Tech? Unmitigated softness in every area, including software, hardware, semiconductors. Nothing. PCs? Nothing. Cell phones? Some smartphone pickup, but not enough to beat estimates. The Net? A slowdown in ads that accelerated this year. Bad for a fast-rising Google (GOOG). Apple's (AAPL) OK.

Agriculture? Deere (DE) has potential credit problems. Bunge (BG) was weak. So was Archer Daniels (ADM). Fertilizer seems to have stabilized because of China. Only Terra Nitrogen (TNH) is solid, though. [[And Monsanto (MON) still looks OK: paying $1.06, so far well covered by earnings, $4.16. Only the P/E at ~20x still seems a little high for this market.: normxxx]]

Machinery? Got nothing from U.S. infra, which would have made a big difference. Now just waiting for China to place orders. Nothing big in pipe. The broad industrials are all seeing weakness and a difficult first quarter. They don't seem all that buyable and definitely saleable on strength.

Food and beverage? Mixed. Coke (KO) good but Kraft (KFT) really bad. Heinz (HNZ) just OK. General Mills (GIS) good but Kellogg (K) not so hot. I think Pepsi (PEP) is good this morning, but I suspect it's going to be a long road back to even. P&G (PG)— a staple— nothing here, simply a bad quarter.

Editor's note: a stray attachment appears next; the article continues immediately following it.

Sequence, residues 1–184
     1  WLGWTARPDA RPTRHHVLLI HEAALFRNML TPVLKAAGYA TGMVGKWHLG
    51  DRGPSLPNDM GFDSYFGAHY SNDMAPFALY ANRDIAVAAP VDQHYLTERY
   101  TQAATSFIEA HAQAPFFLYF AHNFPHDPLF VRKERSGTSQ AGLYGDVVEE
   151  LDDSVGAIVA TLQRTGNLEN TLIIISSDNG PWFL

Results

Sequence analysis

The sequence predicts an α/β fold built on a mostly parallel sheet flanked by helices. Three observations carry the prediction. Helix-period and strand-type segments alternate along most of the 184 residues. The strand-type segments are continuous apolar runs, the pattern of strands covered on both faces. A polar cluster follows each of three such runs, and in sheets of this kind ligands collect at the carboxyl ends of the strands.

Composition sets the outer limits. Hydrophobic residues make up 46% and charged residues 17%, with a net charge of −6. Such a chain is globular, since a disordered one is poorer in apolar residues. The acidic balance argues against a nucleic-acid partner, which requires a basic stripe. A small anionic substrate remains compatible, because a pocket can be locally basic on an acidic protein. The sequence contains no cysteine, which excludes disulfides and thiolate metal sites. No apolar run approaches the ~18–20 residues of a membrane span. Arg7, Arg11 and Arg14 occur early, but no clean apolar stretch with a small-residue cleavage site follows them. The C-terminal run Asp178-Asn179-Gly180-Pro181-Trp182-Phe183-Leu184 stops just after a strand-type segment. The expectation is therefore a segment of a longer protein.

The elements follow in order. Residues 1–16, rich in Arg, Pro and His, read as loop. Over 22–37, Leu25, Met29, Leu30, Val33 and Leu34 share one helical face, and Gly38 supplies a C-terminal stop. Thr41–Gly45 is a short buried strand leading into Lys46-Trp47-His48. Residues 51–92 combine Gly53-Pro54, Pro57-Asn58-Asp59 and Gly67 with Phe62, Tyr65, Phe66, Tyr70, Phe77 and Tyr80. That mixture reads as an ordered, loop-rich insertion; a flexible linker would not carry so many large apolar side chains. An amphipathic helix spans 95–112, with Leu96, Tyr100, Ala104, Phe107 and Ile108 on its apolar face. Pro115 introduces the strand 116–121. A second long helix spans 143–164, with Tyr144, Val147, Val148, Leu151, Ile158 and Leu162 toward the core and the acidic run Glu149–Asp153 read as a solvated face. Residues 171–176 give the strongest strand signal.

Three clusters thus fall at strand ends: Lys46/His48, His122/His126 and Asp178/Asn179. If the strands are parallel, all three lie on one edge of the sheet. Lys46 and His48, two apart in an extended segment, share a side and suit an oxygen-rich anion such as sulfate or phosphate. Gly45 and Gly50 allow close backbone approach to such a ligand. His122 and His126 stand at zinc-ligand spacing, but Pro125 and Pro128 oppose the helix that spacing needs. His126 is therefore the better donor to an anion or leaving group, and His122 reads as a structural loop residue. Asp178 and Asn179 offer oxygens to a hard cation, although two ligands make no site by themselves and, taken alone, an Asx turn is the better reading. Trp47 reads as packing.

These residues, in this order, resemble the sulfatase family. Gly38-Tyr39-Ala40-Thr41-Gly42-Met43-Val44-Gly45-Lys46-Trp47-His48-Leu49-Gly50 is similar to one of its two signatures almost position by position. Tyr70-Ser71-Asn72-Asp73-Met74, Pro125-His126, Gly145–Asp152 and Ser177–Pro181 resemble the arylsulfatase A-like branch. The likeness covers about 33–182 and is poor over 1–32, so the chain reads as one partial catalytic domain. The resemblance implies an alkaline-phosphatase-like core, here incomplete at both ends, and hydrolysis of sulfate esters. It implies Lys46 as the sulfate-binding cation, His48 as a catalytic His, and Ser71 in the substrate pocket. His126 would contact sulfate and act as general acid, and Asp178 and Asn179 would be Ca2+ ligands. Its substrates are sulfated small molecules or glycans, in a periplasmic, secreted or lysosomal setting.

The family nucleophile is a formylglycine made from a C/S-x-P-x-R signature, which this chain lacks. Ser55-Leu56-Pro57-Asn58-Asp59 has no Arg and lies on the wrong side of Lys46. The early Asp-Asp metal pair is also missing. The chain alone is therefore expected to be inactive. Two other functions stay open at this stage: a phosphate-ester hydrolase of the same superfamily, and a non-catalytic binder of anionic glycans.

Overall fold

Drugs? Strong dollar wrecked the earnings profile. Pfizer's (PFE) play for Wyeth (WYE) expresses frustration, but no money for it. [[And Abbott Labs (ABT) still looks OK: paying $1.44, so far well covered by earnings, $3.13. Only the P/E at ~17x still seems a little high for this market.: normxxx]]

Oil? Really bad, just a terrible month for all but refiners as prices dropped severely, but refining margins stayed high. The group's numbers, like all of the estimates above, are just too high.

Banks? Really bad January with loan losses continuing to soar and mortgages disastrous. No sign of any of the initiatives from Washington working. More insolvency coming due to Geithner stress-testing.